Swiss Banks Object to Terms of U.S. Amnesty Offer. Dozens of Swiss banks are pushing back against a U.S. Justice Department non-prosecution agreement, under which the banks would disclose how they helped Americans evade rel=”noopener noreferrer” taxes in exchange for amnesty. Lawyers for the bank sent a letter to the Justice Department last week, according to Bloomberg News, which obtained a copy of the letter. The banks complain that the model accord, which would require them to cooperate with U.S.and other foreign authorities, amounts to a global cooperation agreement without sufficient assurances that the banks will escape future scrutiny.
Relevant Agency Activity
Internal Revenue Service
On Wednesday, Oct. 29, the IRS Information Reporting Program Advisory Committee will meet. Agenda items include the Foreign Account Tax Compliance Act, the expanded use of TIN matching, rel=”noopener noreferrer” cost basis reporting and the de minimis threshold for Form 1099 corrections, among other issues. More information is available here.
Wednesday, Oct. 29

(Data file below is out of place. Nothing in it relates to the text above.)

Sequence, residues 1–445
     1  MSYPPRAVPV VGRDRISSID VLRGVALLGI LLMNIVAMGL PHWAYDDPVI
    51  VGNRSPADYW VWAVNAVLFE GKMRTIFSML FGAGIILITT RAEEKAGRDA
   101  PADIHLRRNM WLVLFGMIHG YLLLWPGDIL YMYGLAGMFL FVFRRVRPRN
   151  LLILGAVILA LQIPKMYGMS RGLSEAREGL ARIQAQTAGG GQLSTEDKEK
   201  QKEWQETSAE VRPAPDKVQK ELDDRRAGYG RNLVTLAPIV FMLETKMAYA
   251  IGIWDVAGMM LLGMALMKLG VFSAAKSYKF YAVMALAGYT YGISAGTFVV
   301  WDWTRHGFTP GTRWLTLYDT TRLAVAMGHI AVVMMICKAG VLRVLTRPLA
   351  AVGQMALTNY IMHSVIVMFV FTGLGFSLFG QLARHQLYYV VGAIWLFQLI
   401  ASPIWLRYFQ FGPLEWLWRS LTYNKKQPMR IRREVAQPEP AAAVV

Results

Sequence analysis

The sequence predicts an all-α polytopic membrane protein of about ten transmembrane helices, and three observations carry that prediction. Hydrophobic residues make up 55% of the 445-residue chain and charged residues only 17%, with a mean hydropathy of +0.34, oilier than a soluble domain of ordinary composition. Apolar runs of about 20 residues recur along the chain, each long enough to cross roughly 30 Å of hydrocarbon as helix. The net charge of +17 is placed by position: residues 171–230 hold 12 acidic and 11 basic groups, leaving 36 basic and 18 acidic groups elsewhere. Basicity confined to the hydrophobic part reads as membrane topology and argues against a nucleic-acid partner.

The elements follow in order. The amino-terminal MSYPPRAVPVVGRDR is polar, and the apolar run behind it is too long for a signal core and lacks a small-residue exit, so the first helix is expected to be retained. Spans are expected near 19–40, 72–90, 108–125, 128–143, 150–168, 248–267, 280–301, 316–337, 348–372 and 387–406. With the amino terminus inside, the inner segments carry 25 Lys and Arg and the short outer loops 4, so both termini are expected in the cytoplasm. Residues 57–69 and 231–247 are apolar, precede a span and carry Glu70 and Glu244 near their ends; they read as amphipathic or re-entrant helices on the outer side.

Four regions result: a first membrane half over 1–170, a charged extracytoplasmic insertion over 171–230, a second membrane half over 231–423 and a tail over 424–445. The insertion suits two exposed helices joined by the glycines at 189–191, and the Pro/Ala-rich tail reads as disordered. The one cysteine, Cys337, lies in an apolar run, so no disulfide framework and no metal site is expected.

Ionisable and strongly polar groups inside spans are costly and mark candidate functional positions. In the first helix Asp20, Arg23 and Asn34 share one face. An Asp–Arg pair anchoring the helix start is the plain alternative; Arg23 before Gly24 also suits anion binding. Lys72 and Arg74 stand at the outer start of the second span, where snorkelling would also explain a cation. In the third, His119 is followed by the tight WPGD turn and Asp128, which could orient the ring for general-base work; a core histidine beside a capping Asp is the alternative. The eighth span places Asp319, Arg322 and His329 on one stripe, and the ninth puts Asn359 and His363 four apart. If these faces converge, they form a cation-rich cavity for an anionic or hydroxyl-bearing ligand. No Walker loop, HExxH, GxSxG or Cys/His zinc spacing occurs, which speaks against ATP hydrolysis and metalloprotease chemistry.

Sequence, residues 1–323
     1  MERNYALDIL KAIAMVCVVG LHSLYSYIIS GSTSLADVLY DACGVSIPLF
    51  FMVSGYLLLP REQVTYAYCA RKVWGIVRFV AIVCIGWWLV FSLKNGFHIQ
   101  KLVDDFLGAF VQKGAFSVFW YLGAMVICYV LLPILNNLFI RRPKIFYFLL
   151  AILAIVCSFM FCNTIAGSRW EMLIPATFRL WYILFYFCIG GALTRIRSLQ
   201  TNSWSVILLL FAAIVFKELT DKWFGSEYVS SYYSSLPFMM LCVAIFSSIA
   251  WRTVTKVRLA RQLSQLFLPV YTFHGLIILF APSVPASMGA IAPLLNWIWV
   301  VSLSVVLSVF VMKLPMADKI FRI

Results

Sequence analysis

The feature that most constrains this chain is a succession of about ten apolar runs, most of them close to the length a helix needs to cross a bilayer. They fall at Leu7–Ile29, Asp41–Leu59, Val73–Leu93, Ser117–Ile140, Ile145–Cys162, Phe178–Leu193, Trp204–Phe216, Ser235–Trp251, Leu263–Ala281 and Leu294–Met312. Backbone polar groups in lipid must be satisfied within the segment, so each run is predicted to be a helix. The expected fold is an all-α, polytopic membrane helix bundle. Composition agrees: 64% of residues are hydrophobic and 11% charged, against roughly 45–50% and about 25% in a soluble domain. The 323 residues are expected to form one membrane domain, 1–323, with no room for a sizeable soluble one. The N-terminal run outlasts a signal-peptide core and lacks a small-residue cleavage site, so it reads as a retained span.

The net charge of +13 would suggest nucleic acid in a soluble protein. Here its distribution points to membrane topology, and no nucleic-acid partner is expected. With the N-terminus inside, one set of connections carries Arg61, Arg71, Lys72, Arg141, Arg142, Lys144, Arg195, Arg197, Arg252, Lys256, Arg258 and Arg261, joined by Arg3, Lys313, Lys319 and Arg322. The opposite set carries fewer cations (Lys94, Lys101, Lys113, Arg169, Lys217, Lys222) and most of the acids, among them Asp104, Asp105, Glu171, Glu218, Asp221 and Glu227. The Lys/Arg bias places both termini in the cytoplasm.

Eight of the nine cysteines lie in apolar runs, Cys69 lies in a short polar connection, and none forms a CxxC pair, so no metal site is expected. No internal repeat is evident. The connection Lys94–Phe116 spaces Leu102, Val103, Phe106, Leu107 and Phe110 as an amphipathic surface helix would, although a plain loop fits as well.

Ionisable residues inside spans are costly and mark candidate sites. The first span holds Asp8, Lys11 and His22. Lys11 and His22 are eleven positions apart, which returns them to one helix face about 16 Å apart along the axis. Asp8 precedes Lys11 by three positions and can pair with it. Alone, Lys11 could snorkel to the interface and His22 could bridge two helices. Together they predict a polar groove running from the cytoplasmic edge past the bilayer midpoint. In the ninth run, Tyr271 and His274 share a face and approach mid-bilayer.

On Wednesday, Oct. 29, the D.C. Bar will host the second installment of its International Tax Series, this time with a focus on corporate tax inversions. The luncheon program, “Recent Developments rel=”noopener noreferrer” on Inversions: Notice 2014-52,” will focus on the U.S. Treasury Department’s recently released anti-inversion regulations. More information is available here. Panelists will include Treasury Department officials and tax practitioners, including:
- Michael Caballero, Covington & Burling
- Andrew Eisenberg, Jones Day
- John Merrick, Special Counsel to the Associate Chief Counsel (International), Internal Revenue Service
- Timothy Shuman, McDermott Will & Emery
- Brenda Zent, Tax Specialist, U.S. Treasury Department
For more information, please contact:
Russell W. Sullivan
Danielle R. Dellerson